The U.S. District Court in Wyoming ruled Monday that the state’s ag-gag laws are unconstitutional. The ruling comes after several years of litigation between the state and plaintiffs who argued the laws were written solely to deter monitoring of the effects of agriculture on the state’s water, land, and air.
Wyoming’s ag-gag laws, passed in 2015, imposed criminal and civil penalties on anyone who crossed private lands in the process of collecting data, such as photographs or water samples, to give to federal or state regulators. The result, opponents say, was a chilling effect on monitoring of public water, air, and land quality by journalists, citizen scientists, and environmentalists.
David Muraskin, an attorney with Public Justice, which represented two of the plaintiffs, says there was no justifiable reason why the state should pass trespass laws that only apply to the collection of environmental data. “Lots and lots of people trespass in Wyoming: recreationalists, people going to camp,” he says. “But for some reason the state chose to go after people collecting data about the environment.” Muraskin says he hopes the verdict “sends a message” to other states that ag-gag laws won’t stand up to strict scrutiny under the First Amendment.
Ag-gag laws have been passed in several states, including Iowa, Idaho, Utah, North Carolina, and Arkansas. The laws were initially written in response to undercover investigations by animal-rights activists into large-scale industrial livestock farms. In recent years, the laws have broadened to restrict other types of monitoring of agribusiness, from journalism to concerned neighbors. Several ag-gag laws have been overturned, including Idaho’s in 2015 and Utah’s in 2017. A challenge to Iowa’s ag-gag law is moving through the courts.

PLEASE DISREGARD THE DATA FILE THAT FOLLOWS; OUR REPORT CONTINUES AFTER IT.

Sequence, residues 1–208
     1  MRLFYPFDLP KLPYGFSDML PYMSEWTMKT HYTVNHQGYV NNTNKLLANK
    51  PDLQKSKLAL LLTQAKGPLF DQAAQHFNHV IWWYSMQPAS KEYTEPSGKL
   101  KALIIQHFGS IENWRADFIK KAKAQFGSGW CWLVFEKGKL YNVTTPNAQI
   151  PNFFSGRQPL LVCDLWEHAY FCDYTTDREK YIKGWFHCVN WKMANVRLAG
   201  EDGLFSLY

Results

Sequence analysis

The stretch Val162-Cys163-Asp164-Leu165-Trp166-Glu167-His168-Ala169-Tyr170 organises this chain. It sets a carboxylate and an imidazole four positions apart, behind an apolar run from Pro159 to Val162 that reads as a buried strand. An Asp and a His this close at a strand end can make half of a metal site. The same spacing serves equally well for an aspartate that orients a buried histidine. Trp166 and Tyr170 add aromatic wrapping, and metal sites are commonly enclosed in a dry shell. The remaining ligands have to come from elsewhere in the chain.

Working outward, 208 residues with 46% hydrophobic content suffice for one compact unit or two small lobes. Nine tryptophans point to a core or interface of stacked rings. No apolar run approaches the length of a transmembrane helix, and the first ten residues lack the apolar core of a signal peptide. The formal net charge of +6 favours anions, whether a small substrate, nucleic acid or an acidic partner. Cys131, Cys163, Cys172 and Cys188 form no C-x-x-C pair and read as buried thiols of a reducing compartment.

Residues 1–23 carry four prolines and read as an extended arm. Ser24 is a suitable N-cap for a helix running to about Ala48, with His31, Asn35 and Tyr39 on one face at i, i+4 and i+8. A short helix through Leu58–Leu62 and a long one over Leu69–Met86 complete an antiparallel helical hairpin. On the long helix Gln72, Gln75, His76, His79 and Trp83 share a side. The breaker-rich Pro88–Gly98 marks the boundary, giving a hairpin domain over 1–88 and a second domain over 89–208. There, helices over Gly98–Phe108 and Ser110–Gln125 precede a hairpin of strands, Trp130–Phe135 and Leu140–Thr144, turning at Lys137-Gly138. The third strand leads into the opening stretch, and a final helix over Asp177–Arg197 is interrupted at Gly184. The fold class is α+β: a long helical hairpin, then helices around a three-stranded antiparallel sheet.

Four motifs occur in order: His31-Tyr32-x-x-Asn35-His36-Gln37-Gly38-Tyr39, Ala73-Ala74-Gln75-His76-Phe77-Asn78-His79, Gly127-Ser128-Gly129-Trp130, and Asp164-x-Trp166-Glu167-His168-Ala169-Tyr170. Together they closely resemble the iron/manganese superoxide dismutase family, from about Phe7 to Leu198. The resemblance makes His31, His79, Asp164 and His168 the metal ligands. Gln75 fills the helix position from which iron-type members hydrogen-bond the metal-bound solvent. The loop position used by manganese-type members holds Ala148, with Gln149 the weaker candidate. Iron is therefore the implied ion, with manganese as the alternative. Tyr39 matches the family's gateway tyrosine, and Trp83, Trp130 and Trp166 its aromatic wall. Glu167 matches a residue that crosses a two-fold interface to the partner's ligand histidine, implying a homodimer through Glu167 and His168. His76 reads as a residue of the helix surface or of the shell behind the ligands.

In 2017, the 10th Circuit Court of Appeals ruled that Wyoming’s ag-gag laws should be examined under the First Amendment because data collection counts as a form of free speech. This week, Wyoming’s District Court ruled that the law unconstitutionally restricted free-speech rights, and unlawfully targeted those interested in monitoring the environment.
“There is simply no plausible reason for the specific curtailment of speech in the statutes beyond a clear attempt to punish individuals for engaging in protected speech that at least some find unpleasant,” wrote District Court Judge Scott W. Skavdahl in his ruling.